Created on Wednesday, 07 May 2014 Written by STEVE KARNOWSKI, Associated Press
Organizers of Minnesota's bid for the 2018 Super Bowl said Wednesday that local companies have already stepped up to cover most of the costs.
Richard Davis, co-chair of the bid committee and chief executive of U.S. Bancorp, told reporters that just within the first seven days of the drive, local companies pledged enough money to cover 75 percent of the estimated $30 million to $40 million needed to defray the costs. They expect to line up the rest within the next few weeks.
Davis and his fellow co-chairs gave reporters few details about the 180-page proposal they submitted to NFL team owners and officials on iPads donated by locally based Best Buy Co. Inc. He said they didn't want to divulge their "secret weapons" to Indianapolis and New Orleans, the other cities competing for the 2018 game.
The three cities will make their presentations to NFL team owners in two weeks and a decision is expected soon after.
Minneapolis last hosted the 1992 Super Bowl. Indianapolis hosted it in 2012. New Orleans has hosted it 10 times, most recently in 2013.
New Orleans also is keeping some specifics of its bid confidential, but, if successful, intends to promote the Super Bowl as the kickoff to the city's 300th anniversary celebration.
"A good portion of our bid focuses on the year 2018, which will be a major milestone for the city with a number of new capital improvement projects benefiting the Super Bowl," said Sam Joffray, a spokesman for the Greater New Orleans Sports Foundation.
Those projects include upgrades to the state-owned Superdome, additional streetcar lines and new public spaces such as the riverfront Crescent Park, not far from the French Quarter.
"New Orleans presented a very flexible bid allowing the NFL a number of choices in terms of how they would like to configure the Super Bowl footprint for official events and fan activities at multiple venues," Joffray said.
Indianapolis bid leaders released details of their plan Wednesday, highlighted by the news that Colts owner Jim Irsay is expected to make the final pitch for his city to fellow owners on May 19 in Atlanta. Irsay has been undergoing treatment since March when he was arrested near his home in an Indianapolis suburb. The arrest report said he had $29,000 in cash and bottles of prescription drugs in his car.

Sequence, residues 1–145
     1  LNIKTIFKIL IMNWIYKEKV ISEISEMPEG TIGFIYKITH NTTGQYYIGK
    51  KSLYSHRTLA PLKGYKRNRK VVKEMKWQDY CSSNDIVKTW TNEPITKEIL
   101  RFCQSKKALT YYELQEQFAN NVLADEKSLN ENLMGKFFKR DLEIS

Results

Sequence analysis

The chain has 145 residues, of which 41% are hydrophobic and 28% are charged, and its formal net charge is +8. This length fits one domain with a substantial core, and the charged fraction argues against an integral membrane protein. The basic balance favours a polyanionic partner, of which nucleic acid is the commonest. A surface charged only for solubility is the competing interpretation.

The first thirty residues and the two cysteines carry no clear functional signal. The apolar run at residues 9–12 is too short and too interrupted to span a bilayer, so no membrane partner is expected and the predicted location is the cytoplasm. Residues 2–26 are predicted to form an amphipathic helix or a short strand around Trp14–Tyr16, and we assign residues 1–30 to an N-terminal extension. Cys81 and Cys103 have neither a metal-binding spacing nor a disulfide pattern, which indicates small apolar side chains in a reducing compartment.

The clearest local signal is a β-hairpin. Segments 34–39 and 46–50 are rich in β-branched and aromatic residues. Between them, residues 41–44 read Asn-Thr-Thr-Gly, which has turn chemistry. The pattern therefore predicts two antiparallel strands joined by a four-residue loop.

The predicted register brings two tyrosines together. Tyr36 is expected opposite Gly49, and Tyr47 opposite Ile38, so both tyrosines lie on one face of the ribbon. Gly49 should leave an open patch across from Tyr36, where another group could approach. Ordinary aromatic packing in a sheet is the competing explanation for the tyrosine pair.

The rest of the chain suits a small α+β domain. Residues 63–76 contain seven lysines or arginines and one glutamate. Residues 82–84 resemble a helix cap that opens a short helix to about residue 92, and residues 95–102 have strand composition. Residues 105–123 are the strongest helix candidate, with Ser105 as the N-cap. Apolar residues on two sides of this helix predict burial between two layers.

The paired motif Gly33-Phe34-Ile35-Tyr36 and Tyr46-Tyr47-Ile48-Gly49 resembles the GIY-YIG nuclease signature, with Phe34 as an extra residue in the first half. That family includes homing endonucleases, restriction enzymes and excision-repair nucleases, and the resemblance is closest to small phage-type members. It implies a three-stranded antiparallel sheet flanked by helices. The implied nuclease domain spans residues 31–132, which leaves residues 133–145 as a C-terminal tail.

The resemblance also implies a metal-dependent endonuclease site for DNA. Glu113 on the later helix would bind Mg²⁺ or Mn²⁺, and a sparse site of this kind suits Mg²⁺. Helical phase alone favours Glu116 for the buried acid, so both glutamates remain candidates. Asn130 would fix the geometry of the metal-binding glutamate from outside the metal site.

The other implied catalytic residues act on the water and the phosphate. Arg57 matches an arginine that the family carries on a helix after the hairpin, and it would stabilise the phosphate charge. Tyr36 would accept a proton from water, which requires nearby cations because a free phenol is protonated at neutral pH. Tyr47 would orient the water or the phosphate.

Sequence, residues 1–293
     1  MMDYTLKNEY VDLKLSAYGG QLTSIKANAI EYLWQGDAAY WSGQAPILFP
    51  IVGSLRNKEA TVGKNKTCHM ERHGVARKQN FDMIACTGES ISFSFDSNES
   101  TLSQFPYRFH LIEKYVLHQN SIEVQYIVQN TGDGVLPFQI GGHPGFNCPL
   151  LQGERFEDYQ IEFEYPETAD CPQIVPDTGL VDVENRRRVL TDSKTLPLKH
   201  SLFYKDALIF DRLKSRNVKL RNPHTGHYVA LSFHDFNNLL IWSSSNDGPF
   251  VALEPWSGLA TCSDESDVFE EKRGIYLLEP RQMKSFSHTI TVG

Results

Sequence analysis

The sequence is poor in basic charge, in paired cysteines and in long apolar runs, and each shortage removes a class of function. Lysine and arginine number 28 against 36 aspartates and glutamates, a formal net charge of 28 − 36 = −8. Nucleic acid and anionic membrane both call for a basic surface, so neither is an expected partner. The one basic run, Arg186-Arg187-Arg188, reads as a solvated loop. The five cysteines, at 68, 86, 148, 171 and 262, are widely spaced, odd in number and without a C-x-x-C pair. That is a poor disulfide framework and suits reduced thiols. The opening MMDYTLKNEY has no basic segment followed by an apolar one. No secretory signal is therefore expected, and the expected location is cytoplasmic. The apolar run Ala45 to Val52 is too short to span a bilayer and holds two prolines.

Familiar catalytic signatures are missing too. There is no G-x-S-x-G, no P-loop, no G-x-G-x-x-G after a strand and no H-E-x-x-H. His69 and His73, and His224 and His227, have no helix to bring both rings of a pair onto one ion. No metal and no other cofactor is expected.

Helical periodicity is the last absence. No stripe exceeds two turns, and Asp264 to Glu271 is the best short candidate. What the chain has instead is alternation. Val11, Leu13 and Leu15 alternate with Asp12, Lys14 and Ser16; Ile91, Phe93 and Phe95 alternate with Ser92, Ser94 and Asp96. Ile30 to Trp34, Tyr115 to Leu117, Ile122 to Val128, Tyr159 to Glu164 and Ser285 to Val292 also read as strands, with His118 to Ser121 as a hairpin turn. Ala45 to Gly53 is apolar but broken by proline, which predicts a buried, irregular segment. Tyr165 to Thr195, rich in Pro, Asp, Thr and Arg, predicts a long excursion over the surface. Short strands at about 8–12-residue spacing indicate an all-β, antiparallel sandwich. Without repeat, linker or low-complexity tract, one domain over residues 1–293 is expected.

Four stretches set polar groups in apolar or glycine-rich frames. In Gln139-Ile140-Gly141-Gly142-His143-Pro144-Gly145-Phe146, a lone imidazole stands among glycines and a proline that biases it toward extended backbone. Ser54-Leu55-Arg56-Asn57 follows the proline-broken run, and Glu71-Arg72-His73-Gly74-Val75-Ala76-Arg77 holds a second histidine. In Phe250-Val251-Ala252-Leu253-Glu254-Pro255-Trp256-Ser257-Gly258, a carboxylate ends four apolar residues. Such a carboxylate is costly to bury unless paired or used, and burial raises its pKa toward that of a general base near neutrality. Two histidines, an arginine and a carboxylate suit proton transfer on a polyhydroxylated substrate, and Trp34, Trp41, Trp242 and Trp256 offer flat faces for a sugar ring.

Davis said the Minnesota proposal includes tax rebates that would be a fraction of the extra revenue the state stands to collect if it's chosen to host the game.
Mostly, Davis and his fellow co-chairs stuck to broad themes about the benefits to the community and the NFL and the chance to show off — on an international stage — Minnesota in winter and the Vikings' futuristic new indoor stadium now rising from a pit where the old Metrodome once stood. Davis said they'll also highlight how a February 2018 Super Bowl in Minneapolis would come just a week ahead of the Winter Olympics. The festivities would be coordinated with other events such as the St. Paul Winter Carnival.
"We're going to celebrate winter. And we should, because we do it well — better than anyone. We're going to talk to the owners about how it's about time that the NFL brought America's game around the country, like a caravan, and started taking it out from the southern states and bring it around to the rest of the world. We should be the first," Davis said.
Davis said the $1 billion new stadium will be "the biggest and the best in the NFL" with some of the closest seating to the field.
The co-chairs said any Super Bowl bid requires some tax breaks but promised that state and local governments will come out ahead on taxes. Some of the breaks will require legislative approval, they said, while an exemption from state sales taxes for Super Bowl tickets remains on the books from 1992. They said political leaders have provided assurances there won't be a problem.
AP Sports Writers Brett Martel and Michael Marot contributed to this report.